Christopher Bebek, who manages Berkeley Lab’s CCD group and served as the lab’s liaison on the Mosaic-3 project, added, “This was like a dress rehearsal for detectors and electronics for DESI.” An updated CCD design is now in production for DESI, which will require 20 of these CCDs for its spectrograph system.

    The Mosaic-3 instrument upgrade was funded by the U.S. Department of Energy Office of Science through the DESI project, and by NOAO. The DESI project is managed by the Lawrence Berkeley National Laboratory.

    For more information about DESI, go here.

    See the full article here .

    Please help promote STEM in your local schools.

    STEM Icon

    Stem Education Coalition

    A U.S. Department of Energy National Laboratory Operated by the University of California

    University of California Seal

    DOE Seal

     
  • richardmitnick 4:56 pm on September 21, 2015 Permalink | Reply
    Tags: , , LBL DESI   

    From LBL: “DESI, an Ambitious Probe of Dark Energy, Achieves its Next Major Milestone” 

    Berkeley Logo

    Berkeley Lab

    September 21, 2015
    Paul Preuss 415-272-3253

    DOE approves Critical Decision 2 for DESI, based at Berkeley Lab

    LBL DESI Dark Energy Spectroscopic Instrument
    DESI at LBL

    DESI, the Dark Energy Spectroscopic Instrument, is an exceptional apparatus designed to improve our understanding of the role of dark energy in the expansion history of the universe; it will do this by measuring the redshifts of more than 30 million galaxies and quasars, with unprecedented precision. The U.S. Department of Energy has announced its approval of Critical Decision 2 (CD–2), authorizing the project’s scientific scope, schedule, and funding profile.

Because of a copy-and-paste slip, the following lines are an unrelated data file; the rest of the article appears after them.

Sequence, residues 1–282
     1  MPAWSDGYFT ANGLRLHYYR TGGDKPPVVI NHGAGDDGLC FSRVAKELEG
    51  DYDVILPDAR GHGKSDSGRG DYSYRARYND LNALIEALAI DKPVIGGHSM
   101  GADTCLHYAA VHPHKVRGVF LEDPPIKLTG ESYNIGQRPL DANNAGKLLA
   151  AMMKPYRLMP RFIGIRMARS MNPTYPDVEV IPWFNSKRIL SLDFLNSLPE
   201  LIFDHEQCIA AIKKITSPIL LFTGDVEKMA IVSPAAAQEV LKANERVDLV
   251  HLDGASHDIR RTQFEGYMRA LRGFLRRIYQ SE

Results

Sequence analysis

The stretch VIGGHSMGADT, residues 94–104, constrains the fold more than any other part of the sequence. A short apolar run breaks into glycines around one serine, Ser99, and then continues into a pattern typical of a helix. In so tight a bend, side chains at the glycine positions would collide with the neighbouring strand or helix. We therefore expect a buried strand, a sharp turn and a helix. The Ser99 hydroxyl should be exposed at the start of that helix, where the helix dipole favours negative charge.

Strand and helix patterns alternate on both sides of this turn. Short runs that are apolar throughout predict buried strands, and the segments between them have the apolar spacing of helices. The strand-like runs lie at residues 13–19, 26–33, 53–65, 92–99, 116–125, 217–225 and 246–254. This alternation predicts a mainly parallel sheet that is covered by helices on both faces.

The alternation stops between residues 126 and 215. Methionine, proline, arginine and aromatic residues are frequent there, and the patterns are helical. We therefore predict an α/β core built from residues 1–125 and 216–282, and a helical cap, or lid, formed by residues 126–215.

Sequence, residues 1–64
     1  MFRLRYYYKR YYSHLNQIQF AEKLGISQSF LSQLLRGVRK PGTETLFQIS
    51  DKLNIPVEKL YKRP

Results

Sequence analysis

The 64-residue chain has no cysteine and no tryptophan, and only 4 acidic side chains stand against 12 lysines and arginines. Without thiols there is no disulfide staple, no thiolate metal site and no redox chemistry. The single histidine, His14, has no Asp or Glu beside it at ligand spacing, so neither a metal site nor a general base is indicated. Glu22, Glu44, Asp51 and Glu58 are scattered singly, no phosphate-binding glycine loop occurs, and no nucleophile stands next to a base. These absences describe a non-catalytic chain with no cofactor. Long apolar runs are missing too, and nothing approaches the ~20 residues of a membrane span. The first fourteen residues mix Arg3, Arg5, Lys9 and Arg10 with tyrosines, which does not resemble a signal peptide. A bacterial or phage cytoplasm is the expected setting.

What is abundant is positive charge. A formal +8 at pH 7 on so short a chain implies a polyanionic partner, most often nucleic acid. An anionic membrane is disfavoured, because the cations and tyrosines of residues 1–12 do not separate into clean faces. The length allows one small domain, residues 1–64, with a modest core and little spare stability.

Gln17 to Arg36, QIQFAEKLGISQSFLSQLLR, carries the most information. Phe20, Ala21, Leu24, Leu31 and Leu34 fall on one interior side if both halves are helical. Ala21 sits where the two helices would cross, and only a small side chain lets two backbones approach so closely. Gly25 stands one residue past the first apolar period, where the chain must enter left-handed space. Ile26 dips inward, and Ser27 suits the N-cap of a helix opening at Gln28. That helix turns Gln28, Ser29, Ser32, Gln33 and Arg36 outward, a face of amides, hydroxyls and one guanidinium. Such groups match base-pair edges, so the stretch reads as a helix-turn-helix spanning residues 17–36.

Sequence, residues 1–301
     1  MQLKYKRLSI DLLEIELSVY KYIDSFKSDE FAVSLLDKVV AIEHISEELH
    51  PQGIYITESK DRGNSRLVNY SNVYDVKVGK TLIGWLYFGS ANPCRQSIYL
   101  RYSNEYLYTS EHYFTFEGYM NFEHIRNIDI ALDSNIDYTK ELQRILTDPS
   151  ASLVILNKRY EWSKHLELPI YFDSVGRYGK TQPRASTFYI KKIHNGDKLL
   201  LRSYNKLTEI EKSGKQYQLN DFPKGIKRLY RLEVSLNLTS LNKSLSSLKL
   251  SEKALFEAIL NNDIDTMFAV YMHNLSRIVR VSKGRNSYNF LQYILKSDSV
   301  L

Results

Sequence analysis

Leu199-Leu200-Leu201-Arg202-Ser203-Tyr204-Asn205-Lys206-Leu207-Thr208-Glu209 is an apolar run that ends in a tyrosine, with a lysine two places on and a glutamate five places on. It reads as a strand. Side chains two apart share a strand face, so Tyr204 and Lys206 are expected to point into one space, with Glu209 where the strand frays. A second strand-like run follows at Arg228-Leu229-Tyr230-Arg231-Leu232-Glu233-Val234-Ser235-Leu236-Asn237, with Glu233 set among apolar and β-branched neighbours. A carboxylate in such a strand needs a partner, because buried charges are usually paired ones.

Two hundred physicists and astronomers make up the international DESI Collaboration, which is based at DOE’s Lawrence Berkeley National Laboratory (Berkeley Lab). Using DESI’s redshift data they will create a three-dimensional map of the universe reaching deeper in space and time than any yet made. The map will reveal how dark energy and gravity have competed over time to shape the structure of the universe—both the regular clustering of galaxies and dark matter on the largest scales, and the idiosyncratic motion of individual galaxies.

    DESI Director Michael Levi, of Berkeley Lab’s Physics Division, says, “We’ll study four kinds of targets to gather a continuous range of redshifts: nearby bright galaxies to redshift 0.4; luminous red galaxies to redshift 1; emission line galaxies to redshift 1.6; and very distant quasars all the way to redshift 3.5.”

    Redshift, literally the shift of a distant astronomical object’s spectrum to longer (redder) wavelengths, is a direct measure of how much space stretched while the light was en route from object to observer. The bigger the redshift, the older the object. To capture light whose journey started up to 12 billion years ago—corresponding to a redshift of 3.5, when the universe was less than one seventh its present age—the DESI instrument will be mounted on the 4–meter Mayall telescope at Kitt Peak National Observatory near Tucson, Arizona.

    DESI’s deep-space science

    Daniel Eisenstein, of Harvard University, and Risa Wechsler, of Stanford University and DOE’s SLAC National Accelerator Laboratory, are the DESI Collaboration’s Spokespersons. Eisenstein says, “DESI aims to use the fossil imprint of sound waves from the first 400,000 years of the universe”—still detectable as a pattern of temperature variations in the cosmic microwave background radiation (CMB)—“to study the mysterious composition of today’s universe.”

    Those temperature differences map early variations in density (sound waves) that subsequently evolved into the clustering of galaxies, intergalactic gas, and dark matter at recurrent intervals throughout space. Called baryon acoustic oscillations (BAO), these regularly spaced clusterings are consistent over time—like a ruler to gauge the universe, with the CMB at one end—allowing direct measures of dark energy’s effect on expansion.

    Wechsler says BAO is the beginning of what DESI can do. “Because large accumulations of mass have gravitational effects on individual galaxies, known as redshift space distortions, DESI can also test the accuracy of General Relativity, Einstein’s theory of gravity.”

    In related investigations, DESI will “weigh” the total mass of neutrinos in the universe, with a good chance of learning which of the three known kinds of neutrinos is the heaviest. DESI will also compare models of the inflationary epoch, when the universe expanded exponentially within a sliver of a second after the big bang, leaving it extraordinarily uniform in composition.